"I feel I've been liberated," says Jack McConnell. "Away from the desk, away from the chamber, out and meeting people."

But the Scottish Labour leader complains it is "unfortunate and a frustration" that the positive case for backing his party has often been crowded out by its attacks on the SNP.

Mr McConnell defended the attack strategy and said the repeated visits by Tony Blair were because he "is still the great communicator of British politics, he's able to crystallise an argument far clearer than anyone else".

With Chancellor Gordon Brown, they are "probably more significant than any other contemporary politicians anywhere".

He also conceded many voters were undecided, "some thinking is it time for a change?', some objecting to a decision the government has made either in London or Edinburgh, and some "genuinely looking for reassurance".

He was using the opportunity of a conversation at Glasgow's Mitchell Library to expand on some of the key themes he wants to develop if he returns to Bute House after next Thursday's vote.

The Scotland Decides event - organised by The Herald and supported by the Scottish Chambers of Commerce - saw him talk extensively about his plans for education and skills, making a risky suggestion about the future of council taxation and tackling Herald readers' questions, which ranged from an independence referendum (easier to support, but disruptive) to the future of rural post offices (he would work to ensure local services work with them to keep them open).

He said his priorities for the last parliamentary term were crime and economic growth, claiming recent economic indicators on manufacturers' confidence, economic growth and population growth are showing progress.

"A certain percentage of people seem to want a change of government," he conceded. "One of the reasons I think that's the case is that people don't necessarily associate the change that's been taking place in Scotland with the Scottish Parliament."

For the future, education dominates, with a rise in the school leaving age to 18, more vocational education and a push to greater numbers of young people going into higher education. He said this responds to "a big mistake" made in Scottish education in the 1990s, when the school curriculum changed, with everyone doing Standard grades and academic work. "We all know that was a disaster for modern languages, when youngsters were crammed into classes when they were struggling to write in English. And it's been a disaster for the practical trades as well, and led to increased indiscipline in school."

Links between schools and colleges could have young people taking apprenticeship credits while still at school, with an incentive to attend linked to getting a job sooner after they leave. Having met teachers who were unhappy about having to handle reluctant teenagers, he said compulsion would "set a standard" and there would be opportunities for practical learning.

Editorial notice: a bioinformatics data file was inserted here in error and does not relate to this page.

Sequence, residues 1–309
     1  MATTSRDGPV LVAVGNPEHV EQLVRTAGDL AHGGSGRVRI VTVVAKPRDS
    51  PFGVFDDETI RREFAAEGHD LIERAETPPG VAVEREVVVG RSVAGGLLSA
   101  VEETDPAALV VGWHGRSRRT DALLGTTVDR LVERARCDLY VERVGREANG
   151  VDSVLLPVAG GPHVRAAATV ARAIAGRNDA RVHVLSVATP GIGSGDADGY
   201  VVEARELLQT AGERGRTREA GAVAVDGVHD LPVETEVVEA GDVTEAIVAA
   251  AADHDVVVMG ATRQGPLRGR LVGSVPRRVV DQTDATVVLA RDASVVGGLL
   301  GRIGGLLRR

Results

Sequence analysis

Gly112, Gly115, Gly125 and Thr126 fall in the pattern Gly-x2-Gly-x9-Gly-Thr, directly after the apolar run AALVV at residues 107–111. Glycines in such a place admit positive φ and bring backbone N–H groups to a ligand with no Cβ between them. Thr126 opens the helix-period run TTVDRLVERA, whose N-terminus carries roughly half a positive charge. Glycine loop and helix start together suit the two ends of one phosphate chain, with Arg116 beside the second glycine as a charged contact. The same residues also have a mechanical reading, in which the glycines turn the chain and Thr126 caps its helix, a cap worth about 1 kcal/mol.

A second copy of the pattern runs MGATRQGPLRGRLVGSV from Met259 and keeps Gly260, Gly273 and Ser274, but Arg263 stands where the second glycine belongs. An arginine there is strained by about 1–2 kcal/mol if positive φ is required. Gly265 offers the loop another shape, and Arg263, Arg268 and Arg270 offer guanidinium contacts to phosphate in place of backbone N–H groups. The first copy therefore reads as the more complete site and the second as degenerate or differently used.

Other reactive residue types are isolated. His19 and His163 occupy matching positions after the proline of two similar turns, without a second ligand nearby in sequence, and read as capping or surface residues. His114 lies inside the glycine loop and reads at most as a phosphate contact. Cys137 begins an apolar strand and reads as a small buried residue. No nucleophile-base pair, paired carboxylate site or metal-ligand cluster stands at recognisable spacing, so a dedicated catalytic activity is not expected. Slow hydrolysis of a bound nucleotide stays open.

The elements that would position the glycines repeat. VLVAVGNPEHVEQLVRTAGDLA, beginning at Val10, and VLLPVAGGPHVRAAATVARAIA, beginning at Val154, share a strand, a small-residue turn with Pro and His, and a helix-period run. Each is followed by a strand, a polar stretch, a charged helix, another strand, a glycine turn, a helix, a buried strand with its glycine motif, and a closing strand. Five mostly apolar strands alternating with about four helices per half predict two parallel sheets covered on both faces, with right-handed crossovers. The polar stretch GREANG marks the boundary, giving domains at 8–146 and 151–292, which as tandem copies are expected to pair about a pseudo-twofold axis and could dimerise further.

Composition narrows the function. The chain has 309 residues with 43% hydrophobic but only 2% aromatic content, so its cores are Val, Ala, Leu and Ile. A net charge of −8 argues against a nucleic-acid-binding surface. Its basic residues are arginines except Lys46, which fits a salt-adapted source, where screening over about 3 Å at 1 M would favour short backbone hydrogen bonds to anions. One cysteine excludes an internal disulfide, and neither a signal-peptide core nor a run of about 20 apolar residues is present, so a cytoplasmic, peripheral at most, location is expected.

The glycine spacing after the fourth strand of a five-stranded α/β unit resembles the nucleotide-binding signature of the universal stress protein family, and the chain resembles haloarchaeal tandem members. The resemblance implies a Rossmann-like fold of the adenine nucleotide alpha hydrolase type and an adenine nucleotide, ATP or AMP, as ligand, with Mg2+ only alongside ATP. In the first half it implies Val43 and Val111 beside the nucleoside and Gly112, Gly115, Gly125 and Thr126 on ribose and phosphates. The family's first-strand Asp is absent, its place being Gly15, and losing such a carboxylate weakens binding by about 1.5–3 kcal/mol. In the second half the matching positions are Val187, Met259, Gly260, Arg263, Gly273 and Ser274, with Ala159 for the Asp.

Asked about drug addicts keeping shoppers away from Coatbridge, he said rehabilitation services had to be in better shape, to stop money going to administration: "If I get re-elected, that system will change, money will go straight to rehab services and we will make sure they're increased."

Having faced hostile media questioning about his modest plans to reform council tax, he explained yesterday a review of local government finance had been resisted by his predecessor, Donald Dewar. "I thought it was the right thing to do. We've got a real problem with this issue. The council tax is controversial, it's unpopular, as most taxes are, it's so immediate because it's paid every month."

He warned if Labour lost, the introduction of a local income tax would be a disincentive for people to live and work in Scotland, and problems with it would make it unpopular within five or six years, leading to further upheaval.

"You should only replace the council tax if you have a sustainable system that raises the £2bn it raises now, on which there is some consensus. I would like to find a way of making the system of property tax, whether it's called council tax or anything else, partly property based and partly more related to people's income."

Mr McConnell made clear yesterday he would make the next government depend on his education priority: "If I was still First Minister after next Thursday, my choice about whether you try and work with different parties on different issues or with one party in a coalition will be determined by whether or not I can implement these education changes. I wouldn't want to be First Minister if I couldn't make those change."